4.  When you get to the pushing phase they will keep telling you to let the contraction peak.  Well, it's really hard to tell when it's peaked while laboring...you just want to start pushing once the contraction starts.  Ask hubby, or your nurse to let you know when it's peaked based on the monitor...or just go with it when you feel the overwhelming sensation to push.

HTH and wishing you all a fast and safe delivery.  Feel free to add to the list.

On a side note, I thought it was really funny that DH would wipe my face down with a cool rag, then quickly give me a drink of water in between contractions.  I looked like a boxer getting ready to get back in the ring, only he was the one getting punched, LOL.
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Re: XP: I've got some tips for labor and pushing!

  • image Mr. & Mrs. RN:

    3.  When you start pushing and they have you do the "count to 10" routine, make sure that your pauses between counts are very minimal...ride out the entire contraction.  So it's "1,2,3....10" quick breath, "1,2,3...10" quick breath, "1,2,3...10" until the contraction subsides.  Do not take a break or lie back down.  I found this to be the most effective and produce the quickest results.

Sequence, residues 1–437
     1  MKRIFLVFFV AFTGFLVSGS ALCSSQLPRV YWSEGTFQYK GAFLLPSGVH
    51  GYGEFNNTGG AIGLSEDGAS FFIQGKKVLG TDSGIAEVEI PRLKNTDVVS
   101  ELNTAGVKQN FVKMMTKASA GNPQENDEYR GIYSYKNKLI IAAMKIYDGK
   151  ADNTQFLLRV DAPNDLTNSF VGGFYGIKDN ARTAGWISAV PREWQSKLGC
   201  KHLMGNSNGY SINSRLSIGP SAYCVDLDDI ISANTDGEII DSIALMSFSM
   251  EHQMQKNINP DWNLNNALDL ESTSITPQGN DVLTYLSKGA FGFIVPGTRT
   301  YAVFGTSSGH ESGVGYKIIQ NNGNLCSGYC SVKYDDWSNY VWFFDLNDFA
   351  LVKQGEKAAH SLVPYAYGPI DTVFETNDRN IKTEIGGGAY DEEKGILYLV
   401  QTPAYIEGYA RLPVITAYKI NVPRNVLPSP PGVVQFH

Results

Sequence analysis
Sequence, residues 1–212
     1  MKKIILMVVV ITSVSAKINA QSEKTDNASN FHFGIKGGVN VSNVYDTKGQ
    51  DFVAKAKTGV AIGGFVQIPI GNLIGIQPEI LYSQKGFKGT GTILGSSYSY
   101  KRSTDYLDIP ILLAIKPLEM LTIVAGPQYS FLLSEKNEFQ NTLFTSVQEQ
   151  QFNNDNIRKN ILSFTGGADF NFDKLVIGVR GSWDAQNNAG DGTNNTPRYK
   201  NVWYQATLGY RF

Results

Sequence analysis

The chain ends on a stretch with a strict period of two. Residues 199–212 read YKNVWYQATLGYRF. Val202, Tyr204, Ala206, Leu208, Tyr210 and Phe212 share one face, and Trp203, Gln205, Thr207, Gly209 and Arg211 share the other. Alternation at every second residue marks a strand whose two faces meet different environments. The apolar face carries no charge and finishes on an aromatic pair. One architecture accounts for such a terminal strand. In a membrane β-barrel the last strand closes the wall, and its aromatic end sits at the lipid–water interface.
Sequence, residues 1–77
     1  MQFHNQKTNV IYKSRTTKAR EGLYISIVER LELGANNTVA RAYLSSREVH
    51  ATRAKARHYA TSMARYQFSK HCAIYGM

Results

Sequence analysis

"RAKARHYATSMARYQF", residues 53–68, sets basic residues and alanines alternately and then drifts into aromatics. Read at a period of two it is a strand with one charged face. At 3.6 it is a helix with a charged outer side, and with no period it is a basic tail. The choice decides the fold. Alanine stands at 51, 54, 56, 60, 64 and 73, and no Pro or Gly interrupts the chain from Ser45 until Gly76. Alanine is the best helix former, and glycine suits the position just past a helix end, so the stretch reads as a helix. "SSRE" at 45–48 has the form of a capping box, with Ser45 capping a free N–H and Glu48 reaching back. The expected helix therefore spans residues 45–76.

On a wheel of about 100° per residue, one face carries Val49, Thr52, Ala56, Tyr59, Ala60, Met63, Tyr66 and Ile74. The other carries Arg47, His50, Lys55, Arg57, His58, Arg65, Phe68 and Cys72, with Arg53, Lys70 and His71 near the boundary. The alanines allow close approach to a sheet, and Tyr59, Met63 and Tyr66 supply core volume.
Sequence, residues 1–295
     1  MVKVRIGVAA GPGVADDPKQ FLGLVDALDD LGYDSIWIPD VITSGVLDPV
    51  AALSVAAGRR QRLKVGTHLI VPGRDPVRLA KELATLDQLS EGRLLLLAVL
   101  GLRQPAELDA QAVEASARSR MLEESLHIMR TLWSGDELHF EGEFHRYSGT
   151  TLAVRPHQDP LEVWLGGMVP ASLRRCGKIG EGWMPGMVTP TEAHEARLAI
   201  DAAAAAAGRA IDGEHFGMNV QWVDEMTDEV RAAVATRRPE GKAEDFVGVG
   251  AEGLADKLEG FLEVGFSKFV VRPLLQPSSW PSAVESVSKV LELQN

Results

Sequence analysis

Or you could just not do the counting thing at and push when your body tells you to push. 


    Lilypie - (ZESJ)Lilypie - (QAi1)

  • image Mr. & Mrs. RN:

    3.  When you start pushing and they have you do the "count to 10" routine, make sure that your pauses between counts are very minimal...ride out the entire contraction.  So it's "1,2,3....10" quick breath, "1,2,3...10" quick breath, "1,2,3...10" until the contraction subsides.  Do not take a break or lie back down.  I found this to be the most effective and produce the quickest results. 

    4.  When you get to the pushing phase they will keep telling you to let the contraction peak.  Well, it's really hard to tell when it's peaked while laboring...you just want to start pushing once the contraction starts.  Ask hubby, or your nurse to let you know when it's peaked based on the monitor...or just go with it when you feel the overwhelming sensation to push.